Hollywood Boulevard decorated for Christmas in the 1950s.
Starting in the late 1920s, Hollywood Boulevard’s Christmas decorations dazzled shoppers and tourists with their thousands of twinkling lights, a spectacular backdrop for holiday shopping. While Col. H.M. Baine conceived the concept of presenting a parade to lure tourists and crowds to Hollywood Boulevard for potential holiday shopping, electrical king Otto K. Olesen introduced the spectacular decorations which beautified the street.
Born in Farup, Denmark, September 9, 1891, Olesen arrived at Ellis Island November 22, 1911, with $20 in his possession and a final destination of Los Angeles to join his uncle H.A. Jessen. The twenty-year-old found electrical work, quickly learning and expanding his skills. In 1921 Olesen opened his Studio Lighting Service at 1645 Hudson Avenue, which later evolved into the Otto K. Olesen Illuminating Co. at 6548 Hollywood Blvd. He provided studios with large incandescent lamps employed for filming, and provided klieg lights for grand openings all over Hollywood for such buildings as the Roosevelt Hotel and Grauman’s Chinese Theatre, productions at the Hollywood Bowl, as well as for most film premieres after 1923. Newspapers described him as “the light wizard of Hollywood.”
Christmas decorations on Hollywood Boulevard at Grauman’s Chinese Theatre.
Olesen participated in many public and social groups, sharing his electrical and lighting skills. The socially minded businessman belonged to such groups as the Lions Club, Community Chest, and American Red Cross, and served on the Boards of the Hollywood Chamber of Commerce and the Hollywood Bowl, eventually presiding as president of each. He also donated his electrical products and lighting skills to enhance productions and special events.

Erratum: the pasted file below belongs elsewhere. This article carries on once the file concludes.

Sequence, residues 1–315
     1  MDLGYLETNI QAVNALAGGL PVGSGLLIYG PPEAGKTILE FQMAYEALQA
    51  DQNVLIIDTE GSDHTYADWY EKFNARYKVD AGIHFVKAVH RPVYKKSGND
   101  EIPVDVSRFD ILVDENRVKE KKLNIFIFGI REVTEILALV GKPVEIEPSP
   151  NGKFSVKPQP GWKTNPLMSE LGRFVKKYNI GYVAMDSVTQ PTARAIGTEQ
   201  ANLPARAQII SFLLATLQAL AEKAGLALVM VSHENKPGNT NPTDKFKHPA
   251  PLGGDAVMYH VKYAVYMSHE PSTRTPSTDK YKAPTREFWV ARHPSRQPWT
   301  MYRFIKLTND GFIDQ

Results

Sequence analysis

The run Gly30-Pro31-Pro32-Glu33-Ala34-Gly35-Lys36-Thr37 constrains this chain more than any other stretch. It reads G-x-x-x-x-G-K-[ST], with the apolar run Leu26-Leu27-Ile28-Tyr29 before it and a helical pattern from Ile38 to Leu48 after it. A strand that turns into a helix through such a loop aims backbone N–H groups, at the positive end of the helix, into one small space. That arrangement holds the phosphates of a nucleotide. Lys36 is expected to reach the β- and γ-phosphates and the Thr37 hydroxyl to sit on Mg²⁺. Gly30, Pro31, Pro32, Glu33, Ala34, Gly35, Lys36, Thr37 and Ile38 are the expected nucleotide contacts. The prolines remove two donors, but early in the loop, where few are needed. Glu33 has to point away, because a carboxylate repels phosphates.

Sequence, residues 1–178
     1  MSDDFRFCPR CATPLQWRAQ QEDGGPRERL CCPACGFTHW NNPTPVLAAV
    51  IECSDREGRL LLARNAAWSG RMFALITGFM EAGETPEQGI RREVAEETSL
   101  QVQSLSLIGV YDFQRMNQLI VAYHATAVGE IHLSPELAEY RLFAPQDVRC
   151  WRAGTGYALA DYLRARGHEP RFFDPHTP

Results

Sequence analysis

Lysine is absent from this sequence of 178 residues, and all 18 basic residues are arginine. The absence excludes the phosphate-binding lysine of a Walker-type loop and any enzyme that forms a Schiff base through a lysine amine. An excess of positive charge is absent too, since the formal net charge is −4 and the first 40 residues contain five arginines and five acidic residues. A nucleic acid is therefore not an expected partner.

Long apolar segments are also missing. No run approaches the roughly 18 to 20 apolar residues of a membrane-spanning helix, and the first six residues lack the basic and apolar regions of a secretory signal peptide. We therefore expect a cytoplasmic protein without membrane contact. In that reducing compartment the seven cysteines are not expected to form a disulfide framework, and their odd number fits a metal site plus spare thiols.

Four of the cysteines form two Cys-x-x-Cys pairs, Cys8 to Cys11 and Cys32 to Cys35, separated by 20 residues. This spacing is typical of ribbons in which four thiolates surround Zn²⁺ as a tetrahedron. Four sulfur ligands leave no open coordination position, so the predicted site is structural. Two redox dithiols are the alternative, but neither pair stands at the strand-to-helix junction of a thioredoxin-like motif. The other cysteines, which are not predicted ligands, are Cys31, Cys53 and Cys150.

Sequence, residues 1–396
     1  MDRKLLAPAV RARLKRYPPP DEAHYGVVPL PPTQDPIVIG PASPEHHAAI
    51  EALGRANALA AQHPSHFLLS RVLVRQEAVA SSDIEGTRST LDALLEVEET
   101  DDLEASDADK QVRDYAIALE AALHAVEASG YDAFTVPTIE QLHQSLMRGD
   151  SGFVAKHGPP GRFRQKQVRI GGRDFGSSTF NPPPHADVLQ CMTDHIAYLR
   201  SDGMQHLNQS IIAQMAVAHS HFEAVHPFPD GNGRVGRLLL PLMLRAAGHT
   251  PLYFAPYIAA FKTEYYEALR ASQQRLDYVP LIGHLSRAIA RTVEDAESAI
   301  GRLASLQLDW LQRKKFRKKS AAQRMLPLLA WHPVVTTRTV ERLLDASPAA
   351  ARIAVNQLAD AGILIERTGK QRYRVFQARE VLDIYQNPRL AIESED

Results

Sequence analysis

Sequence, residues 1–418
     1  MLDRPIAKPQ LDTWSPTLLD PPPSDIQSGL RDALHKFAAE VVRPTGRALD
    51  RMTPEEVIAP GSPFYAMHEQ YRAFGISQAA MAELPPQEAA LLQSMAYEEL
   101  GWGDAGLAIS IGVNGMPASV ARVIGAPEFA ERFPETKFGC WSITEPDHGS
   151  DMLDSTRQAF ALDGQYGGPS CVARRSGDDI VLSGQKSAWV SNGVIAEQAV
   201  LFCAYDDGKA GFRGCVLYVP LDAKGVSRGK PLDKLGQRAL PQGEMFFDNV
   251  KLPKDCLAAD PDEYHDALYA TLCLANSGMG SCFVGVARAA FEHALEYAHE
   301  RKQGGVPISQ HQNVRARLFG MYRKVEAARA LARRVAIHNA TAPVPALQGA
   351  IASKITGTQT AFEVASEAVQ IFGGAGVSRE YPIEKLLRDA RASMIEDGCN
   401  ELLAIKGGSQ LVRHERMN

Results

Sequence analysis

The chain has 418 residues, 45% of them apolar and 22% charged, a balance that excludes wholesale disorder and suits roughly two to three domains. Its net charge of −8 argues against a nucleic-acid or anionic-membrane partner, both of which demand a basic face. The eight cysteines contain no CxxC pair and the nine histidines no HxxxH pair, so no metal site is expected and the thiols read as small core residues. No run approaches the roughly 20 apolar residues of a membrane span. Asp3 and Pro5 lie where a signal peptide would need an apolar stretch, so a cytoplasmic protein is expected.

He also recognized great ideas to promote his products. In 1925, Olesen purchased ads in local newspapers weeks before Christmas advertising strands of sparkling lights for sale in his Hollywood Boulevard store. At the same time, he bought ads or provided press materials to entertainment trade magazines documenting his powerful lamps.
Olesen moved beyond just selling strands of lights and outfitted his store with fanciful displays. Devising an elaborate metal tree which he decorated with hundreds of twinkly lights to merrily illuminate the roof of his business in December 1926, Olesen influenced others to follow along. A December 14, 1926, article reported that businesses like the Guaranty Building, the Hollywood Storage Building, the Hollywood Chamber of Commerce, and the Security Trust and Savings Building purchased his bright decorations to “impart the true Christmas atmosphere to Hollywood Boulevard by decorating their stores and places of business with live Christmas trees, gaily illuminated.”